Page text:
Tempted to belittle by comparisons the performances of our progenitors, we should remember that the condition of surgery has at all times reflected the Imowledge and thought of the ablest minds in the profession. We may well recall the admonition so gently given by the highly talented von Volkmann, who was also a popular poet, writing under the pseudonym of Eichard Leander,

" Hoch anfhebt Schnee-schimmernd das Haupt in die Wolken die Jungfrau, Aber sie deckt mit dem Fuss ein uneudliches Land."

Surgery, like other branches of the healing art, has followed in its progress zigzag paths, often difficult to trace. Now it has seemed to advance by orderly steps or through the influence of some master mind even by bounds; again it has stumbled apparently only from error to error, or has

blessings. Is at the same time one of our greatest reproaches, hemorrhage Is still awkwardly checked, and of surgical infection once started we have often little control and then mainly by means of the knife. We liave reason to hope that the day will come when hemorrhage will he controlled by a quicker procedure than the awkward, time-consuming ligature ; when infections will be controlled by specific products of the laboratory; and when pain will he pr3^ented by a drug which will have an affinity onlv for the definite sensory cells which It Is desirable it should affect. 'The first of these may "be last and the last first. Let us trust that it may, as Gross expresses it. "lie a long time before the laws of this department of the healing art will be as Immutable as those of the Medes and Persians."

" Literature." said Horace Walpole, " has many revolutions ; if an author could rise from the dead after a hundred years what would be his surprise at the adventures of his work." Gross recognized, not altogether without regret, that this was particularly true of scientific works however erudite they may he. " Few survive their authors." '

< Gross. Autobiography, Vol. I, p. 140.

268

[No. 162.

even receded; often there has appeared some invention or discovery for which the time was not ripe and whicli had to await for its fruitful application or perhaps its rediscovery a more favorable period, it might be centuries later.

There is a most intimate interdependence of physiology, pathology and surgery. Without progress in physiology and pathology, surgery could advance but little, and surgery has paid this debt by contributing much to the knowledge of the pathologist and physiologist, never more than at the present time. Harvey's immortal discovery marks an epoch for surgery, as it does for all medicine, for without knowledge of the circulation of the blood only the most primitive kind of surgery is thinkable. And yet there is abundant proof that the ligation of vessels, with the introduction of which Ambrose Pare (1517-90) has until recently been accredited, was known to the school of Alexandria; carried, it is said, to Eome by Euelpistus, it is mentioned by nearly all surgical writers of importance from Celsus to the Renaissance. The brilliant Fallopius (153o-62), Fare's contemporary, alas a very short-lived one, wrote much about the use of the ligature for the arrest of hemorrhage. Nevertheless, until Harvey demonstrated (1628) the true course of the blood, the principles underlying the control of bleeding by the ligature could not be understood, and surgeons studiously avoided operations which entailed hemorrhage and necessitated its control.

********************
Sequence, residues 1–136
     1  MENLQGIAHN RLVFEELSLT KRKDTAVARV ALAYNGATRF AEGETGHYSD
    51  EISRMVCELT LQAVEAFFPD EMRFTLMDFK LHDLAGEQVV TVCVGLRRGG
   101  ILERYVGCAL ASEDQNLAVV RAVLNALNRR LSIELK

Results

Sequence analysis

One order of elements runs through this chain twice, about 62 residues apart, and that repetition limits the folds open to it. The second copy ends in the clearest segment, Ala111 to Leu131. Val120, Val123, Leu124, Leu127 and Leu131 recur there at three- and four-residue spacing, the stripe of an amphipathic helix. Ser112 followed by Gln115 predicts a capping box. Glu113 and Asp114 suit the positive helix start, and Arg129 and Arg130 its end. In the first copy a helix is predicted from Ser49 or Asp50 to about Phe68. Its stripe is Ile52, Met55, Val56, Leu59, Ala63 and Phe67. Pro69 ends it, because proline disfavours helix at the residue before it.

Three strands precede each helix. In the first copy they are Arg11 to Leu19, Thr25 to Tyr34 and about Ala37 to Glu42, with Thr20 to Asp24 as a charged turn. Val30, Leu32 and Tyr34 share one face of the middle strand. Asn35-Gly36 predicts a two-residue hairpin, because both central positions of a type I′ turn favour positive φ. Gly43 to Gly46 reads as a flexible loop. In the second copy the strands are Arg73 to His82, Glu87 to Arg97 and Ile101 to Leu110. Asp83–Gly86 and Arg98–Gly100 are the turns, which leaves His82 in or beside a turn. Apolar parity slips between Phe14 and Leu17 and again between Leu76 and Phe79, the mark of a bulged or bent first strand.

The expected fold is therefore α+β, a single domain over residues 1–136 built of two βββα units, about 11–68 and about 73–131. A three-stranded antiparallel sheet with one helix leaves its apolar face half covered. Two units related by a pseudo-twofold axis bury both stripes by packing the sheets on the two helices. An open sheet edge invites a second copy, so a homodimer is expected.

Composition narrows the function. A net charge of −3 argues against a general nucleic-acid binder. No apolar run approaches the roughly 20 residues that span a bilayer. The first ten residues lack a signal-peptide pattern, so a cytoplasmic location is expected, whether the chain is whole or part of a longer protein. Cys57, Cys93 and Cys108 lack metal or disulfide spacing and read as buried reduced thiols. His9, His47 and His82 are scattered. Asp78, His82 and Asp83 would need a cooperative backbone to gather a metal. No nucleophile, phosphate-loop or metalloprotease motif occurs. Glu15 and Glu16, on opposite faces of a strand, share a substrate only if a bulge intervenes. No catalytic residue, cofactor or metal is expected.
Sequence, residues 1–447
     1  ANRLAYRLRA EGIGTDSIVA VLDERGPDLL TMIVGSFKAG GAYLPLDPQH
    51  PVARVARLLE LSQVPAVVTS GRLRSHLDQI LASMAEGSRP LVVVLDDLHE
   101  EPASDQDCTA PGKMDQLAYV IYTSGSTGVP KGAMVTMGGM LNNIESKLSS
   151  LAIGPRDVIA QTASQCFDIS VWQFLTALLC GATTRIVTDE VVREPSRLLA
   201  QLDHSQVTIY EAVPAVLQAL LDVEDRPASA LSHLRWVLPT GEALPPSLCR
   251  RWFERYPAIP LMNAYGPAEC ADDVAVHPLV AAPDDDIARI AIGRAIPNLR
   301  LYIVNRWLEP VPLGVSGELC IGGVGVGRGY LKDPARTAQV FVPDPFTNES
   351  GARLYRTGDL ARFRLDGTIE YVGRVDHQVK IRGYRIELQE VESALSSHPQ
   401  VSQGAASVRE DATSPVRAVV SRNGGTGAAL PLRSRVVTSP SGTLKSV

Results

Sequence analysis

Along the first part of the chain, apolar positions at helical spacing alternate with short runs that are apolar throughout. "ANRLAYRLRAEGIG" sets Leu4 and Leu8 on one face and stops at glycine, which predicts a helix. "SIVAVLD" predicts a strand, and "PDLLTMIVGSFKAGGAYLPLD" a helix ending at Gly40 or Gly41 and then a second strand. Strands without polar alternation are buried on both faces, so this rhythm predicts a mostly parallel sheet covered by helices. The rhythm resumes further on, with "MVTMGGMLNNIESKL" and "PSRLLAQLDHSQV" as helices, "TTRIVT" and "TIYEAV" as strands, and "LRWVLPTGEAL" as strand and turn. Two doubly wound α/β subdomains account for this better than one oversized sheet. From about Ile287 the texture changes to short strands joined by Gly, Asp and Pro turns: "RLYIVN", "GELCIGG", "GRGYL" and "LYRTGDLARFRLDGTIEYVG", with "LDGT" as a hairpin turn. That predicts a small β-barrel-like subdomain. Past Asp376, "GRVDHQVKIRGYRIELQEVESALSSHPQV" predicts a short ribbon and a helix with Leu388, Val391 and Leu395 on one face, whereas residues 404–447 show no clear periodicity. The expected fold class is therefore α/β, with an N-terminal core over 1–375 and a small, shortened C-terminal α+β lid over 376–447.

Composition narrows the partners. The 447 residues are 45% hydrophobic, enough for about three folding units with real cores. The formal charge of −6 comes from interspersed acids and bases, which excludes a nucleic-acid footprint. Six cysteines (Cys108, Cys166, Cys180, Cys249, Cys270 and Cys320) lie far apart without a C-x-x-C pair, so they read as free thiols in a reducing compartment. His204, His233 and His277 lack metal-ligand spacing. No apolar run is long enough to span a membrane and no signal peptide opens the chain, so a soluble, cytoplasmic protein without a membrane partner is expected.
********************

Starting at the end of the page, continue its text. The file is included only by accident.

We can hardly understand in these days that surgeons who were at the same time anatomists and physiologists could have accepted for so many centuries, almost without remonstrance, Galen's views. Our inability to comprehend their state of mind with reference to this problem illustrates particularly well the difficulty experienced when we attempt to transport ourselves to other times, to obtain the point of view which subjugated our forefathers of centuries ago. It is now, as it was then and as it may ever be; conceptions from the past blind us to facts which almost slap us in the face. The blood which spurted from the divided artery was believed to come not from the left heart, but in some mysterious and indirect way from the veins, in which it was supposed to flow and ebb to and from the right heart. Harvey knew nothing of the paths by which the arterial and venous systems communicate, and his discovery was not made complete until Malpighi in 1661 demonstrated by the microscope the capillaries.

How bewildering hemorrhage must have been when a wound suddenly filled with blood from a source unknown, and when sometimes, with little bleeding, a patient suddenly died from aspiration of air into the veins ! What more natural than to pack quickly the wound, as Heliodorus and others were wont to do, with compresses of lint or sponge, to ligate large masses of tissue by circumvection, to draw the bleeding edges of a wound tightly together by stitches, as is still sometimes done, or to sear the bleeding surfaces with the cautery or with boiling oil I Imagine the terror and suffering of the patient, the desperation and haste of the

surgeon, conditions not suited to the tranquil pursuit of physiological knowledge.

In all times, even to the present day, the surgeon's chief concern during an operation has been the management of the blood vessels. The fear of death on the table from hemorrhage has deterred many a charlatan and incompetent surgeon from performing otherwise perilous operations. The care exercised in the control of hemorrhage may constitute the chief difference between a rapid and a slow operator. This was eminently the case in the days within my experience when two or three artery clamps were considered abundant for operations which now require one or even two hundred.